Observations on the Chicago Tribune article re: Willow Creek Leadership

Published April 2nd, 2018

It takes great courage for women to tell their stories.

Even in ordinary settings, it is often risky for women to report misconduct. The high visibility of Willow Creek Community Church makes it even more daunting than an ordinary setting.

When anyone who believes they have been the object of sexual misconduct finds the courage to step up, a robust process needs to be in place to safeguard their testimony and their reputation, as well as to safeguard the church’s ministry and congregation. Most of us will never know the price a woman pays in such a situation. It is rare that there is only one story of misconduct, and if a supportive process is not in place, others who have important information to share may well be discouraged from coming forward.

I was approached over four years ago with disturbing information that I did not seek out. Along with others who received this information, I directed it to the elders of Willow Creek. The process that followed was, in my view, poorly designed and likely to expose any woman who came forward to grave risks.

An independent investigation by an outside, trained expert should have been thoroughly carried out before the senior pastor was first approached. To my knowledge that did not happen. The firm chosen to investigate (more than a year after the first report) is one that, as stated on their website, “exclusively represents management.” Of course, both sides of an accusation deserve a hearing and fair representation, but a firm that is retained by one side, and whose principal work is to represent one side in such disputes, cannot be considered independent.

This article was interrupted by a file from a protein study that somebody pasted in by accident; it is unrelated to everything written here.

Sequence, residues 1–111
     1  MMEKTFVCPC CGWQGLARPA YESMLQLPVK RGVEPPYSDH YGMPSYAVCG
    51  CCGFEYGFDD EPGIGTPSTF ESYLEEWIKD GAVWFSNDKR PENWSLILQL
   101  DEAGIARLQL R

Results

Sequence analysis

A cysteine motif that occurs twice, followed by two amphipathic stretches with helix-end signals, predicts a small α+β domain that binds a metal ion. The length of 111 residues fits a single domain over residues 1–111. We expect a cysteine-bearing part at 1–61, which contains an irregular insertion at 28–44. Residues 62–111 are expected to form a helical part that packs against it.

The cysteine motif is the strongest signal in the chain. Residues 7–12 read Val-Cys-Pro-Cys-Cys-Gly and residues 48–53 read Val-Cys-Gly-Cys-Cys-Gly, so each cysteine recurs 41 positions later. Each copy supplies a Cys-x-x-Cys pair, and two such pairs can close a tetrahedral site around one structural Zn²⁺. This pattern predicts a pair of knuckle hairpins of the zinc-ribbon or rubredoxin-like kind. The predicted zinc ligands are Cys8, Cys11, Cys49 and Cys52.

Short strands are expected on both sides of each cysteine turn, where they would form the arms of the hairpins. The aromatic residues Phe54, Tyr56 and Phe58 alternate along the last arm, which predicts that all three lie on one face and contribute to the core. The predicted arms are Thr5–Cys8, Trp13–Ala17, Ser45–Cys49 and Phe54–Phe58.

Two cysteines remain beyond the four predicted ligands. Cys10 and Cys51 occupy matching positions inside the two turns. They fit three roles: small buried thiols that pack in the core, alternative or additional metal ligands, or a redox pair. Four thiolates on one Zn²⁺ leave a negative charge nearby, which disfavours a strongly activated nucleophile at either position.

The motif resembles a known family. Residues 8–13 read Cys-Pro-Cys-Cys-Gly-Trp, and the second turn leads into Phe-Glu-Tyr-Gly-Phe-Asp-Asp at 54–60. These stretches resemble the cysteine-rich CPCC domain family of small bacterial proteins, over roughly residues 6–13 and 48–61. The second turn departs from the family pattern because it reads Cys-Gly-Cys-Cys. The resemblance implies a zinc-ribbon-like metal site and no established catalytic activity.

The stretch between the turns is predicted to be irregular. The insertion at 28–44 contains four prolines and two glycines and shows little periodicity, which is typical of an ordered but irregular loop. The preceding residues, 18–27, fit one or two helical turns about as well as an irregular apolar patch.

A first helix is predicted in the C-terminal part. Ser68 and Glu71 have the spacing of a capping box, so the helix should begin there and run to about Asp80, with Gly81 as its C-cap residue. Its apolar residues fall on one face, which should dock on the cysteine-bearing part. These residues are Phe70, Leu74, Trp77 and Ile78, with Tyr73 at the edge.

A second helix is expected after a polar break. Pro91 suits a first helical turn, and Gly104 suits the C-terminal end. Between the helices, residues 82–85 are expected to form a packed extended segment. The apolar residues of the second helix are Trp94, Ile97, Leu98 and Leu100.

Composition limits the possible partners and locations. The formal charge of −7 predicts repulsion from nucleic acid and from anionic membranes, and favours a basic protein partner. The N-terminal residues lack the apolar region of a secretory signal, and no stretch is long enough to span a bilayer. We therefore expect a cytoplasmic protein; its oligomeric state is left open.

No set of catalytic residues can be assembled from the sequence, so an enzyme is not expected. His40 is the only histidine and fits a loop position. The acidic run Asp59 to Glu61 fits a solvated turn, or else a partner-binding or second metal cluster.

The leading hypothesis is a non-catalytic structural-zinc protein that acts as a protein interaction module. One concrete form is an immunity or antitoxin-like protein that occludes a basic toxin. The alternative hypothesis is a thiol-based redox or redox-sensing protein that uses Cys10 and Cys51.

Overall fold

These concerns, shared by myself and others, were communicated by counsel (who shared those concerns) directly to Willow Creek attorneys, but they proceeded as planned. As a result, I believe they failed to discover and thoroughly investigate important information. I and others were left with the painful decision to not participate in a process I believed lacked genuine independence and credibility.

This is not a reconciliation issue between Bill Hybels and me. We had no conflict. I spent nine wonderful years on Willow Creek’s staff and taught there regularly and joyfully for years after my departure. My wife served with delight on the Willow Creek Association board. The idea that we have colluded to manufacture or encourage these stories is untrue and a diversion. Any call for reconciliation is a complete distraction from the real story. The stories of the women themselves are the main concern.

Anyone who may have been victimized by people in power needs to know that the church of Jesus is their refuge and champion. In this case, the tremendous courage of several women has been met with an inadequate process that has left them without a refuge and with no way to be assured of a fair hearing. Just one week after the Chicago Tribune reported claims of misconduct that had not been investigated by the church, by women willing to be named and by others as yet unwilling to be named, the church held “family meetings” presenting the senior pastor’s and elders’ position. It is clear they hope this will put all these matters to rest.

In a family, all voices should be heard, and every story should be told. This should happen in a setting where there is a balance of power and independent judgment can be made about their accounts.

The women cannot and must not be silenced.

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